Originally when I pitched the song idea to him he didn’t want to do it because the concept and feel of the song didn’t match up with his brand. Jon De Pledge classifies himself as “a hip-hop head “ and he had never made a pop song that was directed to the mainstream before so he wasn’t really feeling the idea at first. Eventually I was able to convince him to step out of his box and his comfort zone and try something new. Jon De Pledge literally wrote the hook in five minutes. I did my verse and the bridge he did the second verse and not too long after we came up with “Summer Getaway. “

I realize that I had something because the feedback for “Summer Getaway” was mostly positive and the people who enjoyed it didn’t just tell me, “Yeah, I like the song,” but gave me multiple reasons why they liked the song and everybody’s reasoning was very similar. It was everything from “I could hear this song in a movie or I could hear this song at a sports game or I could hear this song in a video game or I could hear this song at a beach party during spring break.”

And ever since that first song, my curiosity became greater and eventually turned into passion and now I’ve realized that I wasn’t born to be curious about creating music.

I was born to create music.

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J.P.: How does one hype up a crowd? Like, what are the keys? What are the buttons to push?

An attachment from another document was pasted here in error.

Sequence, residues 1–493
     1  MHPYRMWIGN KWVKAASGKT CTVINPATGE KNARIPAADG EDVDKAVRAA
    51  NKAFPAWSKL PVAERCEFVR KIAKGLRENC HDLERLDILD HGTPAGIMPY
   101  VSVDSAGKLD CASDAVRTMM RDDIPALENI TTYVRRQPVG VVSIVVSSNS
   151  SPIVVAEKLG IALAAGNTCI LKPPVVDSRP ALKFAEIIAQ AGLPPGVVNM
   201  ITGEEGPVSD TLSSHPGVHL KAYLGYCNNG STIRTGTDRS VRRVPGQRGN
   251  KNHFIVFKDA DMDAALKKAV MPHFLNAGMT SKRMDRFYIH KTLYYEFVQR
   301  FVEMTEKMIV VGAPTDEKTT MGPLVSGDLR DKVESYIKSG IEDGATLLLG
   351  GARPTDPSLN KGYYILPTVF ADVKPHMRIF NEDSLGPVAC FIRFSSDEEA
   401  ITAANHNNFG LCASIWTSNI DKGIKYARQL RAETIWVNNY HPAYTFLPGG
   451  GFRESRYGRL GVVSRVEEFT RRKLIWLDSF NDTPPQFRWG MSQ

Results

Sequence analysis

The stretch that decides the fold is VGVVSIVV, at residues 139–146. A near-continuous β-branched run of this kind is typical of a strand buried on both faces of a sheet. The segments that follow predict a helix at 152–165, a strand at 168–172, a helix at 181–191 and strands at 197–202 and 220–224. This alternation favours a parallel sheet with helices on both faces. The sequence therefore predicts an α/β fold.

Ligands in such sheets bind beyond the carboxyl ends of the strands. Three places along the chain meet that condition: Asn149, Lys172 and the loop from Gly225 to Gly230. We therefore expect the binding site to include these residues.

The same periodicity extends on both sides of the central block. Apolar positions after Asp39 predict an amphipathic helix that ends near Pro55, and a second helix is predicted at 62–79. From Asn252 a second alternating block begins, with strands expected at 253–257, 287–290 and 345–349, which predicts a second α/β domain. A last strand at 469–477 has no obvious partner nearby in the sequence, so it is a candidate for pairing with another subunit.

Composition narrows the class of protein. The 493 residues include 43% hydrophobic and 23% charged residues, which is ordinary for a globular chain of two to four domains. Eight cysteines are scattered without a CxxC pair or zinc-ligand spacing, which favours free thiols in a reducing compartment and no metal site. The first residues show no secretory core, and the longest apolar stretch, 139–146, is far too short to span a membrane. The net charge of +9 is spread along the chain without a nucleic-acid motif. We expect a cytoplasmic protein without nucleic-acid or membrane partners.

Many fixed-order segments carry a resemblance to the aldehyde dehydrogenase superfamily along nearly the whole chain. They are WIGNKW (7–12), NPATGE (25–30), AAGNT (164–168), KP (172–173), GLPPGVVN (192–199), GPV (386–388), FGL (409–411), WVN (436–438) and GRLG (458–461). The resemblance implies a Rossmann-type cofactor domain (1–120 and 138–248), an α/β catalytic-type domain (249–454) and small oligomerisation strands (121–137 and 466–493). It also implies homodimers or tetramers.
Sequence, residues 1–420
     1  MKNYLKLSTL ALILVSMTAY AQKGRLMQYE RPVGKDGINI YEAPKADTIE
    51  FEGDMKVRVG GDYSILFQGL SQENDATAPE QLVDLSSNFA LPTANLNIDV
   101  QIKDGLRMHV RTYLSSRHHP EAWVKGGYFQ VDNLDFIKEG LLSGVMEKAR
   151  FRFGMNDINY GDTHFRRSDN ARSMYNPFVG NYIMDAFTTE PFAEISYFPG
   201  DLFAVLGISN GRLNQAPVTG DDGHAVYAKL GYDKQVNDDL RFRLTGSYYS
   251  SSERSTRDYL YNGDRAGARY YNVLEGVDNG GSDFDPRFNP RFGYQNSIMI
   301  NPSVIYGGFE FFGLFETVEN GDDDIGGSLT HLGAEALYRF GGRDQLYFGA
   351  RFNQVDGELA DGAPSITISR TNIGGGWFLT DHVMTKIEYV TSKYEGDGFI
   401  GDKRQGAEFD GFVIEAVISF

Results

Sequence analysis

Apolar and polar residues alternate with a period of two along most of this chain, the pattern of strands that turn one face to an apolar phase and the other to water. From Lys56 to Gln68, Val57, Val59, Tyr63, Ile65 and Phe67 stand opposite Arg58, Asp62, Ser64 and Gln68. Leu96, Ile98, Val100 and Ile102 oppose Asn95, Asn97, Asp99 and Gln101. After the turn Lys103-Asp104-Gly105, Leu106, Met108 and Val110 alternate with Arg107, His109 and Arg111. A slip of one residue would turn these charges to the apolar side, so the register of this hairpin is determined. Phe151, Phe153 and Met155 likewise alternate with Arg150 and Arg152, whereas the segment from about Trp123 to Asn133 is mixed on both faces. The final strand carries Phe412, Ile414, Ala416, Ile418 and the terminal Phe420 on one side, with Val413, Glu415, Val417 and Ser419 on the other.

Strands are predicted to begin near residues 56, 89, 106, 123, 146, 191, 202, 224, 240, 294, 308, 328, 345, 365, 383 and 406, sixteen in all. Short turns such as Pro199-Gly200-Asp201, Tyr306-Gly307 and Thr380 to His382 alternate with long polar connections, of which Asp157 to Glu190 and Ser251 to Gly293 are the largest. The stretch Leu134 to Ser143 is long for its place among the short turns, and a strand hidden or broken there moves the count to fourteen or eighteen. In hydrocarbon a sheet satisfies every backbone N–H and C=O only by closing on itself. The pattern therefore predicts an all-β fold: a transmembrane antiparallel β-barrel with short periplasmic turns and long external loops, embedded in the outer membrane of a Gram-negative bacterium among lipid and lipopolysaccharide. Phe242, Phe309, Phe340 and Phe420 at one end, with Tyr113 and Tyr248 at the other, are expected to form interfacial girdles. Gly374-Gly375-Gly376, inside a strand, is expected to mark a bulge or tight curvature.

F: I think crowd participation during a performance is very important. I make it a point that every time I perform I am as interactive as possible with the audience. Whether that means pukking the crowd on stage with me during my performance, or handing merch out to the crowd so they know when they come to one my shows they have a good chance of taking something physical home with them, or popping off calk cannons or confetti cannons to the crowd to surprise them with something new. It’s also important to talk to your audience and ask them how they are and ask them if they are enjoying themselves during your performance to keep them engaged with you directly.

People want to be entertained and standing on stage doing the same thing over and over again gets old after a while. My job is to put on a show. I’m an entertainer. I don’t just stand on stage and sing my lyrics.

I do want to clarify that that’s not always a bad thing to only stand on stage, perform with no extras and be done, because those types of performances do work for a lot of artists and that may be what their brand calls for. For me, i make upbeat party music and I need to involve party elements to get the full effect of an awesome party.

J.P.: You do events for kids—which strikes me as something akin to water torture. How do you handle a room overflowing with obnoxious brats? What do you offer them?

F: The goal is to keep the audience entertained and wanting more. So one of the things that I found works best is high energetic music to keep them moving and crowd participation. Throwing merch to the crowd, having the crowd come up on stage with me and having them involved with the show and not just watching is something that works well when performing for anyone. Not just children.

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J.P.: Weird question—how do you feel about the state of modern hip-hop? I ask as a guy who grew up listening to Tupac, Biggie, Tribe. I’m not really feeling 2018. But am I missing something?

F: I feel like a lot of the new stuff sounds the same or too similar. I like some of it, but someone needs to step in and give us something fresh.

J.P.: What’s the story of the worst gig you’ve ever worked? What happened?